The New York Post reports a sharp rise in violence across New York City after the NYPD disbanded an anti-crime unit featuring plain-clothes police officers. Following the unit's closure on June 15, the city saw three times as many shootings during the last two weeks of the month as it did during the same time period last year.
While 38 gunfire incidents were recorded between June 15 and July 2 of last year, that number climbed to 116 during the same time period this year in a 205 percent increase. Meanwhile, gunshot injuries climbed from 47 to 157 in a 238 percent increase.
It ended up being New York City's bloodiest June in 24 years with 205 shootings during the month; in 1996, 236 such incidents were logged.
One of the victims of the recent violence was Jomo Glasgow, a 35-year-old DJ who was shot outside of a house party in Brooklyn on June 17, two days after New York City Police Commissioner Dermot Shea announced he'd be closing the unit of police officers in charge of preventing violent street crime.
The victim’s mother, Hazel Thomas, told the New York Post: "I feel like we are giving the streets back to the criminals. They shouldn't have disbanded it. Whatever the problem they have, address it. But don’t disband the unit. Many lives would have been saved. Not just my son.”
Mayor Bill de Blasio has described the unit as being elite, but its successes have also been marred by controversy, including several police shootings and the chokehold that killed Eric Garner.
Some people saw Shea’s decision as being politically motivated; it came at the height of the protests throughout the nation against police brutality. Although he praised the job that the unit had done, he said when he announced its disbanding that he felt “it’s time to move forward and change how we police in the city.”
A former anti-crime unit supervisor, NYPD Sergeant Joseph Imperatrice, said that it would be a lot harder for police to tackle growing felony crimes, the rising number of illegal guns making their way into neighborhoods, and "shots fired" jobs without the unit. He also criticized the NYPD for trying to blame the recent shooting spike on factors other than the disbanding of the unit, such as COVID and bail reform.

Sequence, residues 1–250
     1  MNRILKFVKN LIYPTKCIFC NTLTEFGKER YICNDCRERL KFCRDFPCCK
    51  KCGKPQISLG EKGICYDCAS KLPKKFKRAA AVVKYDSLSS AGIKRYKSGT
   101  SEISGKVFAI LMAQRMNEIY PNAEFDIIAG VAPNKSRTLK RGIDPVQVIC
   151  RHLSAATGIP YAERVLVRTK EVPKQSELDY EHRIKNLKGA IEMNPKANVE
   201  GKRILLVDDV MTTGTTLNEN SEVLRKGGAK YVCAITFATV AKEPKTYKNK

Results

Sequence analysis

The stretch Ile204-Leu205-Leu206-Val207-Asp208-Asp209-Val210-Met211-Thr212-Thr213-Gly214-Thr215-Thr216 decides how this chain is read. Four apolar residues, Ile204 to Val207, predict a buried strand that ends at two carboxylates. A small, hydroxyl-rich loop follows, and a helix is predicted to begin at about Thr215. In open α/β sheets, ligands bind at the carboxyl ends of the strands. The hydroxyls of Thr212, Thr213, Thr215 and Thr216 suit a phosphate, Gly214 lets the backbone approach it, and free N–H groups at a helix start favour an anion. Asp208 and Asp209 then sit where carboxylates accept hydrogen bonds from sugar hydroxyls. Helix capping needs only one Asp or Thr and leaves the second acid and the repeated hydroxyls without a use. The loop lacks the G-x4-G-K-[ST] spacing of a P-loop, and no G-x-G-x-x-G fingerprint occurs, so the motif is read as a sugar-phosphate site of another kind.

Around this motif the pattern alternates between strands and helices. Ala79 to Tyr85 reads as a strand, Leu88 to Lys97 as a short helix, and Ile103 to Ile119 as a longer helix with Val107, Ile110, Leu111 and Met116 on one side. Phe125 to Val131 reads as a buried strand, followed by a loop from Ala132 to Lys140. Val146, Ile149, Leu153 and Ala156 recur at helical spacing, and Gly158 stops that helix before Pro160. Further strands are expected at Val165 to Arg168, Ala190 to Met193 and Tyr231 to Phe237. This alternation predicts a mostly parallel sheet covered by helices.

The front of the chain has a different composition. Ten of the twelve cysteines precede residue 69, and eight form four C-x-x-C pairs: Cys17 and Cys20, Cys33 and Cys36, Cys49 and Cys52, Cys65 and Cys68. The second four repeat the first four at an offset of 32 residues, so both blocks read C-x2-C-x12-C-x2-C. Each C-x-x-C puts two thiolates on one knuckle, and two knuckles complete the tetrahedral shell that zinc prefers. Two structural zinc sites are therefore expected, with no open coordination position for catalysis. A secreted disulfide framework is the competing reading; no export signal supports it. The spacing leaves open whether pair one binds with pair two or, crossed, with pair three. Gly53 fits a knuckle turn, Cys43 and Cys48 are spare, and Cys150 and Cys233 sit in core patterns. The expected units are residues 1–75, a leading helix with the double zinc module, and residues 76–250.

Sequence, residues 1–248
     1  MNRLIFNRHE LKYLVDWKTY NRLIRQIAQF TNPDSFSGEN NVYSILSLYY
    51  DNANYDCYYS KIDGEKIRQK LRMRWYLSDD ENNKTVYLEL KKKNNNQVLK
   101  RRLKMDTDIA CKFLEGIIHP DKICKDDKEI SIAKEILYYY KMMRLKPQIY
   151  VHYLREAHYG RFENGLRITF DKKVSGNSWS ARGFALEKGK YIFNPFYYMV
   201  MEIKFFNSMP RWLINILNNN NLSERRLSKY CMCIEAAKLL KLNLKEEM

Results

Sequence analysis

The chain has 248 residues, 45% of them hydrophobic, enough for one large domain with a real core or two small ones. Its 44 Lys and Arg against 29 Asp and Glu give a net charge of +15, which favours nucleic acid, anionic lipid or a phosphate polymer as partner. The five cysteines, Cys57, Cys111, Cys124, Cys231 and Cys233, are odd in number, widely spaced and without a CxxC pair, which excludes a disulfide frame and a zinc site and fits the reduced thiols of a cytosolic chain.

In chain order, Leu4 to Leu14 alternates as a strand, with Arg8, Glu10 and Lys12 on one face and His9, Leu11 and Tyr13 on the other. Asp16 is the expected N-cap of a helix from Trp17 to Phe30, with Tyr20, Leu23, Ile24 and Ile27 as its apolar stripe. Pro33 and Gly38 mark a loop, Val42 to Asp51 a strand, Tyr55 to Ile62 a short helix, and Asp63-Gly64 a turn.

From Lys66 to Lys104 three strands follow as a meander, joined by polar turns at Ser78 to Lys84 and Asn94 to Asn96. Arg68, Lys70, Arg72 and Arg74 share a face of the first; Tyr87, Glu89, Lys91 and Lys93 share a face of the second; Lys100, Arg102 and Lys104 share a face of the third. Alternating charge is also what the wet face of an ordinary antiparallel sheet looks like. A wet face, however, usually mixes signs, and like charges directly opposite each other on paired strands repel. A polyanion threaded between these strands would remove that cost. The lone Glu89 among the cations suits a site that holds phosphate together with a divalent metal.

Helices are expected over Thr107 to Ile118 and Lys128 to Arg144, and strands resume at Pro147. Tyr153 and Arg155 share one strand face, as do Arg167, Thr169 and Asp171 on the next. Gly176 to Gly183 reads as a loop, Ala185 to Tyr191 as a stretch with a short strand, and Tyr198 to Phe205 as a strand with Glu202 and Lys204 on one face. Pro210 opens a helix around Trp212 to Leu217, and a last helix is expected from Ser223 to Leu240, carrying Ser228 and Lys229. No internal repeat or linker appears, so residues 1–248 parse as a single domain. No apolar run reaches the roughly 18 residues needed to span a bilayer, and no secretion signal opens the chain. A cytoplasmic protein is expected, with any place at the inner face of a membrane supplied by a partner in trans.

According to the Post, officers who were in the disbanded unit will be reassigned. All told, the group encompassed around 600 police officers who were spread out in patrols of public housing and precincts throughout the city. They will now be assigned to posts such as neighborhood policing efforts and the detectives bureau.
On Sunday, President Trump called out New York City and Chicago for the high numbers of shootings registered there and said the federal government would be ready to assist them should leaders request their help.
Unfortunately, crime is on the rise in many places, with Chicago also recently experiencing its most violent day in 60 years over Memorial Day weekend with 18 killed and 45 shot in just 24 hours. Independence Day weekend saw at least 67 people shot there, 18 of them fatally, in a number that also included four children. Chicago Police Department statistics show that shootings and murders climbed by 75 percent in June 2020 compared to June 2019.
It makes absolutely no sense to call for reduced police protection while more people are being hurt and killed than ever. And what is happening in New York in the wake of the disbanding of just one unit should serve as a warning to other departments considering similar moves.
Sources for this article include: